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Virology. 1997 Sep 15;236(1):110-7.

Comparison of in vitro and in vivo infectivity of different clade B HIV-1 envelope chimeric simian/human immunodeficiency viruses in Macaca mulatta.

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Department of Virology, Biomedical Primate Research Centre (BPRC), Rijswijk, 2280 GH, The Netherlands.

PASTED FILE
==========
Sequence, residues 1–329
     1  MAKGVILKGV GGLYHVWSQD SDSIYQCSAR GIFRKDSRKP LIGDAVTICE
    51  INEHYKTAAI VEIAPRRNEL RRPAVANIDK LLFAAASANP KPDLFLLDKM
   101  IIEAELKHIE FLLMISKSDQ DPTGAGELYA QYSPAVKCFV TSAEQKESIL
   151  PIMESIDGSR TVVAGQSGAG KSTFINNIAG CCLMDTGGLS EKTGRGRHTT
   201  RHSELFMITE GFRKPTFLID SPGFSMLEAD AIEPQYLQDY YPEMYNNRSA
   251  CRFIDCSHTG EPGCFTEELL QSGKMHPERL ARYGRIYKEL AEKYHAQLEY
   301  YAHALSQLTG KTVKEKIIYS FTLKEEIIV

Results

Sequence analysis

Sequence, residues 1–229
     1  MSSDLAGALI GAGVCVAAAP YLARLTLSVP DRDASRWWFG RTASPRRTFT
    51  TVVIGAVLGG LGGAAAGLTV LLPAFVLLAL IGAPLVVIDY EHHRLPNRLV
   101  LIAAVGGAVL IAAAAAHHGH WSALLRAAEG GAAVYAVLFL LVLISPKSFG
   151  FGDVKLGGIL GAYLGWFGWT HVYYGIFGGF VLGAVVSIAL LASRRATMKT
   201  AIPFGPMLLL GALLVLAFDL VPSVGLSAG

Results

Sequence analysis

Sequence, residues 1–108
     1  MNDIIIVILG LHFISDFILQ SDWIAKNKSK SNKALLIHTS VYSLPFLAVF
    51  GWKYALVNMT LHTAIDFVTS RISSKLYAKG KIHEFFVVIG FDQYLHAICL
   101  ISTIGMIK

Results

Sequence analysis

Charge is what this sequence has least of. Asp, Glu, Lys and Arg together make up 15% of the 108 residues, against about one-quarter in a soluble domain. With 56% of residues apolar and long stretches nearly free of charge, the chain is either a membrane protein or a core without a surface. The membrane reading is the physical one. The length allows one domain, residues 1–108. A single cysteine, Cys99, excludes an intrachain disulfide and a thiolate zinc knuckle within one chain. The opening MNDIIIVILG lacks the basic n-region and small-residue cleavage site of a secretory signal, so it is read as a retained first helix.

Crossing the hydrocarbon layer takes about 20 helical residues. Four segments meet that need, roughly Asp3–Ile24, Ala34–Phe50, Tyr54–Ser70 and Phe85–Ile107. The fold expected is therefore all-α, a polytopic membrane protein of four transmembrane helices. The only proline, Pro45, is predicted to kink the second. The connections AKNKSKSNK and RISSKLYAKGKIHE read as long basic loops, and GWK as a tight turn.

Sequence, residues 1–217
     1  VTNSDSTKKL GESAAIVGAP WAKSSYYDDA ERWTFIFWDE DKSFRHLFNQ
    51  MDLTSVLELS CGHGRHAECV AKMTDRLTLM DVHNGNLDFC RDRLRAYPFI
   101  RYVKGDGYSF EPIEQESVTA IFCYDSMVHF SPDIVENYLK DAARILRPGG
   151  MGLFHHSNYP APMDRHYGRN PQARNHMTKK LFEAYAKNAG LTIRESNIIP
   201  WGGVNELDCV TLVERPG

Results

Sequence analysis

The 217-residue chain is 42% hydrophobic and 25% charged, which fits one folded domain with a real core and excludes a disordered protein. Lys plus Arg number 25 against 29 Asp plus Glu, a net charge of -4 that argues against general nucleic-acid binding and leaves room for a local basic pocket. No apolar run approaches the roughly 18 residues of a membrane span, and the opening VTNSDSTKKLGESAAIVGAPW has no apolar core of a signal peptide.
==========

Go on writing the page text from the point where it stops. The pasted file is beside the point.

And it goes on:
The use of HIV-1 env/SIVmac chimeric viruses expressing divergent HIV-1 envelopes of clinical isolates, facilitates homologous and heterologous evaluation of various recombinant HIV-1 envelope vaccine candidates in lower primates. In this study we compare the in vitro and in vivo infectivity, via intravenous (IV) and intravaginal (IVAG) routes of infection, of stocks of chimeric viruses expressing env from four different clade B HIV-1 isolates. The TCID50/ml was 7.1 x 10(4), 1.0 x 10(4), 6.3 x 10(4), and 1.2 x 10(3) for SHIVsf13, SHIVHan2, SHIVNM-3rn, and SHIVW6.1D, respectively, with a MID50/ml upon IV inoculation of 3.2 x 10(3), 3.2 x 10(4), 3.2 x 10(4), and 3.2 x 10(3), respectively. The same SHIVsf13 stock was infectious after IVAG administration, requiring a 300-fold higher virus dose. Plasma antigenemia and cell-associated viremia were generally highest at weeks 2 or 4 after infection and decreased to subdetectable levels after 8-12 weeks. All infected animals tested developed anti-HIV-1 gp120 antibodies. Inoculated virus dose showed no (linear) quantitative correlation with cellular virus load, duration of viremia, plasma antigenemia, and anti-gp120 antibody titers. No significant changes in peripheral blood CD4 cell levels were observed and none of the animals has shown evidence of disease progression to date (i.e., 13 months postinfection). Four in vivo passages of cell-associated SHIVW6.1D did not result in increased virulence. Vaccine development studies in macaques monkeys have become feasible with the use of various clade B HIV-1 env SHIV chimeras.

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